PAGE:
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New Horizons in Health: An Integrative Approach TABLE 1 Life Expectancy at Birth for Selected Countries Around 1910 1998 Country Males Females Males Females Australia 56 60 75 81 Chile 29 33 72 78 England and Wales 49 53 75 80 Italy 46 47 75 81 Japan 43 43 77 83 New Zealand a 60 63 74 80 Norway 56 59 75 81 Sweden 57 59 76 81 United States 49 53 73 80 or instrumental activities of daily living (IADLs, such as the ability to perform light household work, use the telephone). The data, from the National Long-Term Care Survey, are for a representative sample of the elderly in each year. The questions are the same in each survey, so the responses give the most accurate available measure of changes in disability over time. a Excluding Maoris. SOURCE: WHO, 1999. In 1982 and 1984 nearly 25 percent of the elderly were disabled. By 1994 disability had declined to 21 percent, a reduction of over 1 percent per year. Furthermore, disability decline is more rapid in the second half of the time period (1989-1994) than the first half (1984-1989). These findings have been confirmed in other data as well (Freedman and Martin, 1998), suggesting the trend is not an artifact of this particular sample. Sketchier evidence suggests that the decline in elderly disability has occurred throughout the developed world. Rates of disability and institutionalization among the elderly in various developed countries, compiled by the Organization for Economic Cooperation and Development (Jacobzone, 2000), have been declining over time in most countries. The decline is only modest in some countries (e.g., the United Kingdom) but is rapid in others (e.g., Japan). The average rate of decline among countries where disability rates are falling is 2.3 percent per year. In only two countries have rates of severe disability increased (Australia and Canada), but even there the rates of institutionalization are falling. Such rates have been falling as well in four of the five countries for which there are time series data, although the decline is generally less rapid than the decline in the rate of severe disability. The exception is France, where institutionalization rates have been increas-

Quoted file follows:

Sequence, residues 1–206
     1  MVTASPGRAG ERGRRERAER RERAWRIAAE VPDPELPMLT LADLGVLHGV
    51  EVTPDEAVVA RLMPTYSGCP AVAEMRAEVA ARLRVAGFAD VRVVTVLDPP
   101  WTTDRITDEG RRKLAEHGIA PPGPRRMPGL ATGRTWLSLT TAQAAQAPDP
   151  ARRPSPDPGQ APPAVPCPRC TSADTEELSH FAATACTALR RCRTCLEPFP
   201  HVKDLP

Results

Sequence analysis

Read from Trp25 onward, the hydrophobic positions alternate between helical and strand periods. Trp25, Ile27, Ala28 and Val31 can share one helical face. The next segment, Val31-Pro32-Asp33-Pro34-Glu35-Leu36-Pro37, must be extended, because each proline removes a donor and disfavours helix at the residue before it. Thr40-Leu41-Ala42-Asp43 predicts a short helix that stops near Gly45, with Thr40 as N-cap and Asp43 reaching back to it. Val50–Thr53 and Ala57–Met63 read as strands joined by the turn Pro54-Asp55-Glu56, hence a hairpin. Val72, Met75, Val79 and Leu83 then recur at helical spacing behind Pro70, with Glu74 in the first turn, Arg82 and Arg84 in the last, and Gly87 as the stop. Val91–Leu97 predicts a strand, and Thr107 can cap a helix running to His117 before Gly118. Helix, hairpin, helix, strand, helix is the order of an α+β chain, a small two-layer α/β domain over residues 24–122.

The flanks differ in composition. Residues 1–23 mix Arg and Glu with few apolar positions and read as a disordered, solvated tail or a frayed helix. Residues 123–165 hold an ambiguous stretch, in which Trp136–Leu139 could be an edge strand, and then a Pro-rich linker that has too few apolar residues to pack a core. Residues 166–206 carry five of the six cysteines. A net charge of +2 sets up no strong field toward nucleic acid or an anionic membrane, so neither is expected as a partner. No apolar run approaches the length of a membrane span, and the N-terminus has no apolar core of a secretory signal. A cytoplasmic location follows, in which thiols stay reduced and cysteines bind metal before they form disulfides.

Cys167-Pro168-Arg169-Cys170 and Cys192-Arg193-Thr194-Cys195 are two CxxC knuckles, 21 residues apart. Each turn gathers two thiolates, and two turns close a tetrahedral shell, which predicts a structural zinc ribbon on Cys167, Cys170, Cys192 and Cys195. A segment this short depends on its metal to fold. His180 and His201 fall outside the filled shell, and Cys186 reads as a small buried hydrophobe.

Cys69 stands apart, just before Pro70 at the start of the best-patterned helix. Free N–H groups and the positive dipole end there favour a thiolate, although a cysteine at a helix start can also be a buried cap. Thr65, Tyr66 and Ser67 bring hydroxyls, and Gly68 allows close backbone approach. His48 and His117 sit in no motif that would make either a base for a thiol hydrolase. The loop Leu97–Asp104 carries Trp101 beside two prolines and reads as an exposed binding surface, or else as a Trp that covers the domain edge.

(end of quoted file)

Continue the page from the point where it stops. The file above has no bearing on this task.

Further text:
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New Horizons in Health: An Integrative Approach FIGURE 1 Changes in chronic disability among the elderly, 1982-1996. SOURCE: Manton et al. (1997). ing, perhaps reflecting a change in the location of care. Rates of severe disability in France, however, are declining rapidly. Overall, these changes in disability have been sufficiently large for some to argue that health promotion might solve the long-term problems of financing public medical care systems (Singer and Manton, 1998). Behavioral, environmental, and psychosocial factors are, as we argue throughout this report, key routes to such health promotion. Communicable Diseases Sexually transmitted diseases (STDs) and tuberculosis are among the most important communicable diseases in the United States. The incidence of reported chlamydial infections and viral STDs has steadily increased in recent years, while the incidence of gonorrhea has generally declined. Levels of syphilis vary among different population subgroups but have reached record lows since 1995. Vaginal infections such as trichomonas and bacterial vaginosis have probably remained high, although surveillance for these conditions is rudimentary. Table 2 shows the estimated incidence and prevalence of STDs in the United States in 1996. 2 The number of reported cases of gonorrhea has generally declined, 2 The full report is available online from the Kaiser Family Foundation: http://www.kff.org/content/archive/1447/std_rep.pdf.